The final project accounts for 34% of the grade.

Student examples are published anonymously unless otherwise requested.

Option 1: Oral Presentation

You are encouraged to give an oral presentation to the class about a topic of your choosing (relating in some way to category theory of course). It could consist of:

  • explaining to the class some scientific topic in terms of the techniques we develop in class
  • discussing how you think category theory might be valuable for new research in your field
  • teaching a difficult concept from class that you finally understood, or
  • something else

Student Examples

English to Olog Transation or: how I learned to stop worrying and love the Olog (PDF)

Illustration of Category Hilb with examples in Atomic and Optical Physics (PDF)

Proving Causality in Social Science: A Potential Application of Ologs (PDF - 1.3MB)

Option 2: Publishable Document

Instead of an oral presentation, your final project can consist of handing in a well-typeset and accurate document relating to the class. It should be publishable, either on MIT OpenCourseWare or in some other form. That is, it should be something you would be proud to put your name on and make public. It must be complete and turned in by the end of classes.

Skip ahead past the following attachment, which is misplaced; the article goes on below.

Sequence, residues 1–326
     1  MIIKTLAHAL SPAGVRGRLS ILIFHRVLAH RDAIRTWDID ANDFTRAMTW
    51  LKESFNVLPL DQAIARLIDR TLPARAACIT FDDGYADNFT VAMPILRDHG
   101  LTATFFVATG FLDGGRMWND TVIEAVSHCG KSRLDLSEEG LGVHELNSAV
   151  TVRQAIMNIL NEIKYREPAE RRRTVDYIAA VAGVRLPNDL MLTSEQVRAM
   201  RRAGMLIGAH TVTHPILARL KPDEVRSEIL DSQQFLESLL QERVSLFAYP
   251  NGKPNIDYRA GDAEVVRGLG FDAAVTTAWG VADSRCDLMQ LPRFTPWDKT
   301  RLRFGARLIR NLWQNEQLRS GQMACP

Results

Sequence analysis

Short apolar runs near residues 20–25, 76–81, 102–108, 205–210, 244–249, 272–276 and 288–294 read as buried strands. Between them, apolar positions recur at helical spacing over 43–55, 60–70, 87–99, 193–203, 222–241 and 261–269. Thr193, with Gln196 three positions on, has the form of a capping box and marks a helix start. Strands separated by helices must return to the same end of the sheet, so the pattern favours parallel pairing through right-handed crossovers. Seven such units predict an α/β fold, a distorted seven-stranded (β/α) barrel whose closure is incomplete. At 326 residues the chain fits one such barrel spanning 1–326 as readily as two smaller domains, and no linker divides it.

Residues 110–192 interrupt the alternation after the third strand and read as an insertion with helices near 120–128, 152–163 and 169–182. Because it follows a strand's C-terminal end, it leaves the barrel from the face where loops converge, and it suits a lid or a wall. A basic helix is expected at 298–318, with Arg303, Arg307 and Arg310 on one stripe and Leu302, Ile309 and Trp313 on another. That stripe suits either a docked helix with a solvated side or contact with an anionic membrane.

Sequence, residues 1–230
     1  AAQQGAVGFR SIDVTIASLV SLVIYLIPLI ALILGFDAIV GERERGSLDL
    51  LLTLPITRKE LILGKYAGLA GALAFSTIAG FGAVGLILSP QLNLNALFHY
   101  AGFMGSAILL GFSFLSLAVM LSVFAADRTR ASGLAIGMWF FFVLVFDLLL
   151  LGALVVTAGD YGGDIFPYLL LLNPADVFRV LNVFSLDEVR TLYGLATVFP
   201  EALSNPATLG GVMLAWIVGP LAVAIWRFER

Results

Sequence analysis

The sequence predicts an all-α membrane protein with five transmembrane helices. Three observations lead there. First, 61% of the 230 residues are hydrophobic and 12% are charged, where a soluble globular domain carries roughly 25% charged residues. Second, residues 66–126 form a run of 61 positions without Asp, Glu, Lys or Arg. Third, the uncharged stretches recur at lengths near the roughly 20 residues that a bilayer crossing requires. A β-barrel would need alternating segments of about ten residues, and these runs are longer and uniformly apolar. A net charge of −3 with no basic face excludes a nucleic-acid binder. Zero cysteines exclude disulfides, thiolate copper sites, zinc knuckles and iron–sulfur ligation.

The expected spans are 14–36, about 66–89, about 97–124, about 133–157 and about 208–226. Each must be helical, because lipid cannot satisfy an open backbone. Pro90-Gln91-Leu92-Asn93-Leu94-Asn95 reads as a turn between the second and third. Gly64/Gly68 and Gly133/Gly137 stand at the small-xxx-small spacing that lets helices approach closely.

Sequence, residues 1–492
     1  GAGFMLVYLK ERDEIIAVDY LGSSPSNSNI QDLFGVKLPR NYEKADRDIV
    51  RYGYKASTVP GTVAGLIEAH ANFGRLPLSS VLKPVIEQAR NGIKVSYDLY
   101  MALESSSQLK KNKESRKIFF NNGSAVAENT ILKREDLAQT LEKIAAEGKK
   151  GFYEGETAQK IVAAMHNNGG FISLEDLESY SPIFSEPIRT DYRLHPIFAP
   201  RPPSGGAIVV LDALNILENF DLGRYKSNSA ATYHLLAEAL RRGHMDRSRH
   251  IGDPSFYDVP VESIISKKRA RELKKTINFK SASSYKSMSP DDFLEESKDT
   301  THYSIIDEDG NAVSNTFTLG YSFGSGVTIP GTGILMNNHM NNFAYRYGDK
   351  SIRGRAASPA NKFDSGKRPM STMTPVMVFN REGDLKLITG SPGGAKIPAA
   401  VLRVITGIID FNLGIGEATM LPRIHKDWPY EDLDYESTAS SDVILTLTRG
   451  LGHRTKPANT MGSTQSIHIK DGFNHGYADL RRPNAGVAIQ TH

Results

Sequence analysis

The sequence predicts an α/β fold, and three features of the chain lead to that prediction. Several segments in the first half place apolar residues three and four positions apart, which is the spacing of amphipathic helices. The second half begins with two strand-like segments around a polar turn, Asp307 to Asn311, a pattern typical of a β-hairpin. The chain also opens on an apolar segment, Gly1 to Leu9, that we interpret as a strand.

One option is to write an essay. Such an essay may be intended to carefully explain the virtues and limitations of category theory in science, or it may be intended to dive deeply into a subject using a categorical approach.

A second option is to typeset a document in which you solve 80 of the exercises in the course textbook. If more than one person chooses this "exercise write-up" option, the set of such people should consult each other to reduce overlap. If two people choose this option, their write-ups should span 120 problems; three people should span 160 problems; four people should span 200 problems.

Student Example

In search of a Monad for system call abstractions (PDF)